Patients are the Best Teachers.

I believe patients are the best teach­ers in medicine.

As an intern, I told a patient one morn­ing that I would visit him later in the day. Var­i­ous tasks yanked me through­out the hos­pi­tal as the hours passed. While pack­ing my bag to leave for the day, I remem­bered what I had said to him. I wanted to go home. I felt exhausted.

He won’t notice if I don’t come around. He won’t remem­ber what I said. And out the door I went.

The next morn­ing, the patient scowled at me.

I’m upset with you. You said that you would come back. You didn’t. Don’t say you’re going to do some­thing if you’re not going to do it.”

My face flushed. I learned that a car­ing physi­cian con­sis­tently fol­lows through with her promises.

As a fel­low, a patient told me about his expe­ri­ence with Famil­ial Mediter­ranean Fever. In med­ical school, we viewed this rare con­di­tion as a piece of trivia, not a dis­ease we would ever see.

My body aches in a lotta places,” he said, point­ing at his belly, then his knees and elbows. “My chest hurts. I get fevers that sud­denly start and stop. Thank God for colchicine. I haven’t had a bout in years.”

I nod­ded, more to the mem­ory of myself as a med­ical stu­dent. I learned that patients often give col­or­ful descrip­tions that are more mem­o­rable than the bland def­i­n­i­tions writ­ten in pas­sive voice in textbooks.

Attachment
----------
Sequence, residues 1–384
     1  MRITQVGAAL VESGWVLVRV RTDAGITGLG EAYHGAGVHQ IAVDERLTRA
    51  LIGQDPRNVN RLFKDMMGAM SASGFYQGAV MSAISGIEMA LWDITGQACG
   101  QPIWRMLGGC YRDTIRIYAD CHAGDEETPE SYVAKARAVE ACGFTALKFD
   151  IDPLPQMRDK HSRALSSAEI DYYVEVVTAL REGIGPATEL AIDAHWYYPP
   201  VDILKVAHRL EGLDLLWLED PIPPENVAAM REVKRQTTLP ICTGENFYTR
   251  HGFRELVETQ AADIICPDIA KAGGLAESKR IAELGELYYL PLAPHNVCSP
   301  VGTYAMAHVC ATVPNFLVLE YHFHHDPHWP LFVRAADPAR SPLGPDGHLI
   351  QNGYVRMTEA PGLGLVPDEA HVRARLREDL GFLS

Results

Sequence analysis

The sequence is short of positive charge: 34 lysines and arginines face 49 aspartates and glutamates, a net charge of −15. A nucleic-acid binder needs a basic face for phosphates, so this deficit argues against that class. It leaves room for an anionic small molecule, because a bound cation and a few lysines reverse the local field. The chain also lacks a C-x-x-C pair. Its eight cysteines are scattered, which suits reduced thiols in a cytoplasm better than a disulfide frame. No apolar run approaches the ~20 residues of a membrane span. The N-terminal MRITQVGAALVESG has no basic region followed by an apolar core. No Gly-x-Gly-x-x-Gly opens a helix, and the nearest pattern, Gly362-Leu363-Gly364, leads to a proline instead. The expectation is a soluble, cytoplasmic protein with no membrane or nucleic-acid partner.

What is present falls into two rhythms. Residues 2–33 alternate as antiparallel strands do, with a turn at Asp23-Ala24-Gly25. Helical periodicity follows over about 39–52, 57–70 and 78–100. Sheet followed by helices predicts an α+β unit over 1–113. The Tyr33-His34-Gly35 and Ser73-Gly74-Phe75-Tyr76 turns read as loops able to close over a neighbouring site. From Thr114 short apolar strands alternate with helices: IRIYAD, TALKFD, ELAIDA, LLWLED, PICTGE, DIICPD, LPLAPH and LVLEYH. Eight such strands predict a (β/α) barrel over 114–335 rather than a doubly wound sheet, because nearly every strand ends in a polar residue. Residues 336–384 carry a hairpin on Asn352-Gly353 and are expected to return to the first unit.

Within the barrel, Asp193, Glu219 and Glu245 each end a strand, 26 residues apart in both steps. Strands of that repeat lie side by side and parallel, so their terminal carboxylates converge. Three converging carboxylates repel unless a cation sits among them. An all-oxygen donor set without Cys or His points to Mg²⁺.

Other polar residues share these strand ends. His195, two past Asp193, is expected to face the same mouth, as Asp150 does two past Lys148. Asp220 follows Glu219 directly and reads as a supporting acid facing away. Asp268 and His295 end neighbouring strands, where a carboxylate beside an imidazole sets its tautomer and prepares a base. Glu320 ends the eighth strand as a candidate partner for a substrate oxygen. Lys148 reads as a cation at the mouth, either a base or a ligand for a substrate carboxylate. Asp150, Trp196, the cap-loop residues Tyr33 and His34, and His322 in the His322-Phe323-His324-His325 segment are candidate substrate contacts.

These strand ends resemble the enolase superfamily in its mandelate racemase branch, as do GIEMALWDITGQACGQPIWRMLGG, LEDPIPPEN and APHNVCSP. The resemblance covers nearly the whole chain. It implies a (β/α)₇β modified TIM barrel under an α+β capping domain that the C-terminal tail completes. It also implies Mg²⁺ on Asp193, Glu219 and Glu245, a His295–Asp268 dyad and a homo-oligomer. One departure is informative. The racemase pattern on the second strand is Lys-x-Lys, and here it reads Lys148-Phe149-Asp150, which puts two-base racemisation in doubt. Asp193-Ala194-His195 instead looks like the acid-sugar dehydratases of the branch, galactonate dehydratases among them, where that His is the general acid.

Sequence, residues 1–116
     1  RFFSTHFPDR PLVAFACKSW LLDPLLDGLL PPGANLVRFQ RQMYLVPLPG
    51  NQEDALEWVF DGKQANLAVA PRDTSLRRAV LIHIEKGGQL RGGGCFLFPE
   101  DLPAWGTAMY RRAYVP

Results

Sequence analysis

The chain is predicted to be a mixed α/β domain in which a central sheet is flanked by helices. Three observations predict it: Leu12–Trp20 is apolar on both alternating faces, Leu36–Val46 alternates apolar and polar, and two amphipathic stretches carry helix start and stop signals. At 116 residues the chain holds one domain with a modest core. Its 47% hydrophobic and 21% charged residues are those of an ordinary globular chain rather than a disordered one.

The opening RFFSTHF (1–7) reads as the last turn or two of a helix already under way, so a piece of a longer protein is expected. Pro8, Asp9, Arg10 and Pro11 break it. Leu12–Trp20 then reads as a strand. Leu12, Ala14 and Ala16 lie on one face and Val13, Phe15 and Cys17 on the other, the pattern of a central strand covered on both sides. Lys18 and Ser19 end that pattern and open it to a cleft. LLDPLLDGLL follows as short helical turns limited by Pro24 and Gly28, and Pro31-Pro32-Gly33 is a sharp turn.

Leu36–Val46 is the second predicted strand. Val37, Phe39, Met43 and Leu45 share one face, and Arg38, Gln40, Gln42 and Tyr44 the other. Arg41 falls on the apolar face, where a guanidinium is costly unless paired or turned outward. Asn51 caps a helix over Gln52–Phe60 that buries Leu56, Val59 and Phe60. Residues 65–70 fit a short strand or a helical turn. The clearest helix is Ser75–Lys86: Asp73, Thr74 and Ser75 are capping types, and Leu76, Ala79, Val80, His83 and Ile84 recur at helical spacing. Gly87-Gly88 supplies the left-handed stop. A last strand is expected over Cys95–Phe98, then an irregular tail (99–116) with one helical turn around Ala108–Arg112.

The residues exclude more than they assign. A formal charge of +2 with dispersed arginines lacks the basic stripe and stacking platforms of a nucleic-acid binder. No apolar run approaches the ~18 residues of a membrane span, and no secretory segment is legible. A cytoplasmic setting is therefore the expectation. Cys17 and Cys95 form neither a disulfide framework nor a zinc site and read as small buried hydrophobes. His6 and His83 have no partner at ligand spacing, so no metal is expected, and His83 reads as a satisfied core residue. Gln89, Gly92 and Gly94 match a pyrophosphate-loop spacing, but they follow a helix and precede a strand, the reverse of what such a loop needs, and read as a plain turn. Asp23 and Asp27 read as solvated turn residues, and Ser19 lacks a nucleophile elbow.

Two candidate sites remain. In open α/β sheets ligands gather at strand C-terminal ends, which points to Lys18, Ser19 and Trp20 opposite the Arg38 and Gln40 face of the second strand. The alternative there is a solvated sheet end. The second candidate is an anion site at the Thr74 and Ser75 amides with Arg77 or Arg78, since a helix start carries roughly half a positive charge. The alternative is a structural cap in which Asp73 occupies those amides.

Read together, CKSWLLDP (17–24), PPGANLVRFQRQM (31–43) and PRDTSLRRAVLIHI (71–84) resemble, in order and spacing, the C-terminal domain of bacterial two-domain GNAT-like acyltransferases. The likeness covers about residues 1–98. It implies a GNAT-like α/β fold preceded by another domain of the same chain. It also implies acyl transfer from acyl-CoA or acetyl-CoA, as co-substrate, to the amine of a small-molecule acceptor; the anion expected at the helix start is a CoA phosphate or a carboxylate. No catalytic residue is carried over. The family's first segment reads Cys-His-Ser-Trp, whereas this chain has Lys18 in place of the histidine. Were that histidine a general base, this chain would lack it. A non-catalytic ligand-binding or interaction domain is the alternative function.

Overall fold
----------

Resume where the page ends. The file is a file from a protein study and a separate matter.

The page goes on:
Patients have taught me the power of human resilience. A patient, recently diag­nosed with stom­ach can­cer, con­tem­plated how he wanted to spend the rest of his life: Vol­un­teer at the local soup kitchen. Con­tinue to coach the Lit­tle League team as long as he could. Help his girl­friend start her business.

I’m not dying of can­cer,” he said. “I’m liv­ing with it.”

Another patient shared her anger towards and frus­tra­tion with psy­chi­a­trists. She endured many humil­i­at­ing expe­ri­ences while detained in hos­pi­tals against her will.

They didn’t believe any­thing I said. They talked about me as if I wasn’t there. They took away my rights, they took away my life,” she said, “but they never took away my dignity.”

Patients have taught me that they are peo­ple who add joy to the lives of oth­ers, pos­sess skills and tal­ents that many of us will never have, and pro­vide use­ful per­spec­tives about health and ill­ness. They remind me that they are not sim­ply dis­eased organs, mal­func­tion­ing sys­tems, or wordy labels. They cor­rect me when I talk at them as if they are only an ill­ness; they look annoyed when I over­look or under­value their ways of cop­ing with their struggles.

Patients can teach us so much. We must pay attention.